|Publication number||US4778367 A|
|Application number||US 07/133,404|
|Publication date||Oct 18, 1988|
|Filing date||Dec 15, 1987|
|Priority date||Dec 15, 1987|
|Also published as||EP0320649A2, EP0320649A3|
|Publication number||07133404, 133404, US 4778367 A, US 4778367A, US-A-4778367, US4778367 A, US4778367A|
|Original Assignee||General Electric Company|
|Export Citation||BiBTeX, EndNote, RefMan|
|Patent Citations (10), Referenced by (24), Classifications (11), Legal Events (4)|
|External Links: USPTO, USPTO Assignment, Espacenet|
1. Field of the Invention
The invention relates to dies for shaping and sizing continuous lengths of filament reinforced, synthetic polymeric resins.
2. Brief Description of the Prior Art
Methods and apparatus for impregnating continuous lengths of textile filaments or fibers such as continuous lengths of glass filament yarns are well known and produce, for example, yarns and tapes of glass filament reinforced plastics. Representative of the methods and apparatus are those described in the U.S. Pat. Nos. 3,694,131 and 4,312,917.
In the prior art apparatus, there is generally a component which finally shapes (forms) and/or sizes the resin impregnated continuous length. This die component is selected to provide a single diameter size and/or shape to the resin impregnated length. The size and/or shape is fixed and if the desired size and/or shape of the final article is to be changed, it is necessary to interrupt the production line and change the die component to a more appropriate one. Shut-downs, clean-ups and die changes are economically undesirable.
The die of the present invention is adjustable on-line, without interruption of production to change the die size (orifice) and thereby to some degree the shape of the product yarn or tape. Adjustment can be made to vary the resin content or resin/reinforement ratio of the product without interruption of the production line. This is an economic advantage.
The invention comprises a die for sizing and shaping a polymeric resin impregnated, continuous length of filaments or fibers, which comprises;
(A) a die body, which comprises;
(1) a first die member, having a first end, a second end, an outer member surface extending between the first and the second ends, and an inner member surface extending in a plane substantially parallel to the outer member surface, between the first and the second ends; said inner member surface including a groove extending between the first and the second ends; and
(2) a second die member having a first end, a second end, an outer member surface extending between the first and the second ends of the second die member, and an inner member surface extending in a plane substantially parallel to the outer member surface of the second die member, between the first and the second ends of the second die member; said inner member surface of the second die member including a raised portion extending from the first to the second end of the second die member, said raised portion being of a size and configuration to slidingly engage with and close the groove in the first die member; said second die member having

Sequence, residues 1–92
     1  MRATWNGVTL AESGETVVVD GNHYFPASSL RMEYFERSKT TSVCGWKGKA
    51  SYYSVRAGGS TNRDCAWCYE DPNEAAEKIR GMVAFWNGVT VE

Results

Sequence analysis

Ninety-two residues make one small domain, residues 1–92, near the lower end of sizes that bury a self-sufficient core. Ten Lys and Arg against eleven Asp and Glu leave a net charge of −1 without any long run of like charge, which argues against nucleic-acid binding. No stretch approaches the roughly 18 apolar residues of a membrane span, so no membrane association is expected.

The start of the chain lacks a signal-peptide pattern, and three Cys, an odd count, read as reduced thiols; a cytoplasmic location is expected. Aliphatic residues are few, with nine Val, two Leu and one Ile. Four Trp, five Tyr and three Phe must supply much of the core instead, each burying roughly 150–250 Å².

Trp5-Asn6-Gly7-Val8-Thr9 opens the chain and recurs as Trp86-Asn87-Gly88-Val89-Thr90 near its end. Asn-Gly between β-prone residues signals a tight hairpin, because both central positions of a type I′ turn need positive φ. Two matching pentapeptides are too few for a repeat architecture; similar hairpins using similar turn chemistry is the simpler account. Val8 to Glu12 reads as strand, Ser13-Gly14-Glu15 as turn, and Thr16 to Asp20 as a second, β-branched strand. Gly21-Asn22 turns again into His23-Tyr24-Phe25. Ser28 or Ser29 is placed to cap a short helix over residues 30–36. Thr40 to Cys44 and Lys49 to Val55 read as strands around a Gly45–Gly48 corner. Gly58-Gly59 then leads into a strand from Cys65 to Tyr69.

(a) a bore therein from the second end of the second die member to a point intermediate between the first and the second end of the second die member; and
(b) an open port allowing for fluid communication between the inner surface and the bore of the second die member;
(B) means for assembling the first die member together with the second die member, whereby the assembled die members form a channel bounded by the groove of the first member and the raised portion of the second die member, said channel being open at the first and the second ends of the assembled first and second die members whereby fluid communication exists from the first to the second ends through the assembled die body; and
(C) means for moving one of the first die member and the second die member within the assembled die body, in relation to the other of the first and the second die members, whereby the space within the channel may be expanded and contracted.
FIG. 1 is a cross-sectional side elevation of an embodiment die of the invention shown mounted on a yarn resin impregnator and in use.
FIG. 2 is a view along lines 2--2 of FIG. 1.
FIG. 3 is a view along lines 3--3 of FIG. 1.
FIG. 4 is a view along lines 4--4 of FIG. 1.
Those skilled in the art will gain an appreciation of the invention from a reading of the following description of preferred embodiments in conjunction with a viewing of the accompanying drawings of FIGS. 1-4, inclusive.
FIG. 1 is a cross-sectional side elevation of an embodiment die 10 of the invention shown mounted on the exit port of a continuous yarn impregnator 12. The continuous yarn resin impregnator 12 may be any of those conventionally employed in the art to impregnate continuous lengths of filaments or fibers with polymeric resins. Representative of such impregnators are those described in the U.S. Pat. Nos. 3,694,131 and 4,312,917. It will be appreciated that the present invention is limited to the sizing/forming die described hereinafter. The die 10 of the invention comprises an upper die member 14 and a lower die member 16 held together in assembly by a sleeve 18. It will be appreciated that any conventional means such as, for example, metal bands may be employed to hold the members 14, 16 together in a spaced relationship as shown in the FIG. 1. In the embodiment die 10 of the invention, the sleeve 18 is fixedly secured to the lower member 16 through the agency of a plurality of bolts 20. The upper member 14 is pivotably secured to the sleeve 18 through the agency of a pivot pin 22. The sleeve 18 is secured to the impregnator 12 through the agency of bolts 24, thereby securing the entire assembly of die 10 to the impregnator 12. The die 10 has a first end 26 and a second end 28 as shown in FIG. 1. As also shown in FIG. 1, the die 10 body is traversed from end 26 to end 28 by a channel 30, providing open fluid communication between the ends 26, 28. Passing through the channel 30 from the impregnator 28 for illustrative purposes, is a continuous length of yarn 32 which is received into the die 10, shaped and sized as will be discussed hereinlater, and pultruded from the orifice 34 of die 10. Partially penetrating the lower member 16 of the assembled die 10 is a bore 38. The bore 38 provides a molten resin return from channel 30, through ports 40, 42, to the resin impregnator 12. This structure of the die 10 will be described more fully hereinafter. Adjacent to end 26 of die 10 is an adjusting screw 48 which functions to move the upper member 14 about its pivot point 22 so that the groove 30 space may be expanded and contracted on either side of the pivot point 22. In this way, the dimension of the orifice 34 may be changed as desired during in-line operation of the impregnator 12 and die 10, to size and impart a final shape to the continuous length of yarn 32 as it passes from the die 10.